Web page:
Koning's low-budget, shot-on-video opus "Silo Killer" suffers from
schizophrenia, but other than that it's a surprisingly entertaining first stab
at moviemaking. The thing is, had Koning picked a tone and stuck to it,
"Silo Killer" would have been better than it currently is. It's
certainly a clever little film as is, with some above-par acting and a script
that is oftentimes funny and, in its third act, completely unpredictable. The
problem, of course, is that the movie is too random for its own good, with a
script that wants to be all things to all people.
Our film opens with the murder of a frantic girl by an
ax-wielding maniac. The maniac is killing his victims around a giant silo out in
the Arizona desert, although for a stretch of land that's supposed to be out of
the way, that's a mighty big stretch of state highway running right through it.
In any case, into the Silo Killer's world waltzes college sweethearts Stu
(Brandon Malone) and Liz (Katie Carroll) on a camping trip. They have come with
an assortment of buddies the likes of which you've seen in countless Teen
This is where the film begins to lose its focus. After
another brief (and insignificant) murder by the Silo Killer, the next 40 minutes
or so are devoted to comedy skits and relationship issues between lovebirds Stu
and Liz. Yes, ladies and gentlemen, in a movie with an ax-wielding maniac, we
get about 40 minutes of sketch comedy interspersed with character development.
Lord help us all!
the film eventually gets back to its horror roots when the Silo Killer
shows up after a long absence to showcase his excellent chopping skills. This is
where the film seeks to buck the Teen Slasher conventions it's mostly followed
up to this point. I won't spoil it, but needless to say "Silo Killer"
seems very in tune with what it's supposed to do, and seems to delight in going
in the opposite direction. Case in point: as they are being stalked by the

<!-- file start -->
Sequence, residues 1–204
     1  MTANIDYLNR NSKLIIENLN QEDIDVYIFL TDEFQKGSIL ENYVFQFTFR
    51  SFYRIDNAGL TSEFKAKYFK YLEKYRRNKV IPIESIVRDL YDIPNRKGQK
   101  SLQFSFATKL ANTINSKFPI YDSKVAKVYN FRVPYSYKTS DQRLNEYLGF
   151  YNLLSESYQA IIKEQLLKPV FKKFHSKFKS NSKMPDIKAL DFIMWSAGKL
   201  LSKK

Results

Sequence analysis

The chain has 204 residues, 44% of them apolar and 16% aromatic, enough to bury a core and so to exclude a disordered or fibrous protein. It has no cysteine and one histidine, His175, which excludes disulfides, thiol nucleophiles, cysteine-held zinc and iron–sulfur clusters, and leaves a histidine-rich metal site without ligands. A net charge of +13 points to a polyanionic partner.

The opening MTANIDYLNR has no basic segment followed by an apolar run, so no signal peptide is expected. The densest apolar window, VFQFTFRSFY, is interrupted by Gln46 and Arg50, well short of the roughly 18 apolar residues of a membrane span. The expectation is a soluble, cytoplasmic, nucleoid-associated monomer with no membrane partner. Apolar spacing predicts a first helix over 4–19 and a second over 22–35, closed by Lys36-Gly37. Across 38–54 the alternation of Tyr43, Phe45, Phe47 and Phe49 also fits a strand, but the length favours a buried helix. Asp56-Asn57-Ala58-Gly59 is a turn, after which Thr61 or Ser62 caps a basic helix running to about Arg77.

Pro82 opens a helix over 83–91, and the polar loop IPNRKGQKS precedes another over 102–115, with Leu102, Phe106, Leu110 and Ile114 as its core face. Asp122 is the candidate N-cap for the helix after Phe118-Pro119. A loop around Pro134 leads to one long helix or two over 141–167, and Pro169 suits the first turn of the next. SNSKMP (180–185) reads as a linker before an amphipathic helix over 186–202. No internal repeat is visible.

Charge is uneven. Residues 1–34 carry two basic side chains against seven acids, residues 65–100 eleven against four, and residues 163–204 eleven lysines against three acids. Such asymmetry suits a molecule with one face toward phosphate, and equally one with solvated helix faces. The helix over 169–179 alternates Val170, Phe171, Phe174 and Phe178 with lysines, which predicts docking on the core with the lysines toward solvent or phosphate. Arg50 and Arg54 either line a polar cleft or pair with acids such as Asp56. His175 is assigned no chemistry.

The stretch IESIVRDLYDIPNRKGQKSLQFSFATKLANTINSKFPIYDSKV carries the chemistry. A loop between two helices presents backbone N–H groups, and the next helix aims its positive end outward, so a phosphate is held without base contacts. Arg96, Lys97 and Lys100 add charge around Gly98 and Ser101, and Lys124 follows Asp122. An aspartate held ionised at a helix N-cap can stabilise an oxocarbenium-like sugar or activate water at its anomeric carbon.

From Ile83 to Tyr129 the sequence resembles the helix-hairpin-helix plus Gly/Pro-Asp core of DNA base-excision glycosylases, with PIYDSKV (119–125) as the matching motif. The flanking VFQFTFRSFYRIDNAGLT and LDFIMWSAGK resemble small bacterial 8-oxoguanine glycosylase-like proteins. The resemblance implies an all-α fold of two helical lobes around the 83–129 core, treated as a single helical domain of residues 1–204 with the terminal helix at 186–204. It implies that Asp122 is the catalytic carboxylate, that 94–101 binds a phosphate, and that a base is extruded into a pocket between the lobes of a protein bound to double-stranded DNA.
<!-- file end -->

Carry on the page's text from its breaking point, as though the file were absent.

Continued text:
killer, one of our couples ends up in a cul-de-sac, where the male half decides
to toss his significant other at the killer so he can escape. Now tell me you've
seen that before!
But alas, "Silo Killer's" Achilles heel is the
random nature of its narrative. At one point the preppy-looking Stu inexplicably
changes into a wigger, complete with street slang and guns galore. Also, the
film spends about 10 minutes with two gangsters that goes absolutely nowhere.
Their appearance, one suspect, was to offer up sacrifices to the Bodycount Gods
since there won't be new additions for, oh, another 40 minutes or so.
Koning's script also caps things off with what can only be
described as one of the longest coda in the history of film. The final payoff is
intriguing, but I'm not sure following a man through the desert for such a long
period, doing nothing of note, is justified. The coda itself, while being grim
and moody, seems to belong in a serious movie about the habits of serial
killers, and not a film where characters were yukking it up just moments before
their unfortunate demise. Once again, the tone of the film is all out of whack.
its erratic nature, "Silo Killer" is a lot better than it has any
right to be. Most likely shot for a measly sum with its video camera budget, the
film nevertheless looks slick, thanks to some inspiring camerawork. For sheer
creativity, "Silo Killer" gets a lot of brownie points. This is
definitely not a point-and-shoot endeavor, and Koning proves that he has the
makings of a good filmmaker. With a decent budget, Koning could very well become
an excellent mainstream director.
Despite its faults, "Silo Killer" is worth
seeking out. The ironic thing is that Koning probably decided to bleach out the
film with bright yellow filters during the day scenes to hide the film's
"video look". The thing is, he needn't have bothered, because
"Silo Killer" would have worked just as well without half the film
drenched in bright yellow or dull blue.
And maybe I'm just very easy to please, but this could have
been a really funny spoof on Teen Slasher films. If the film was intended
as a spoof, it further makes my point that the movie simply failed to pick a
tone and stick to it.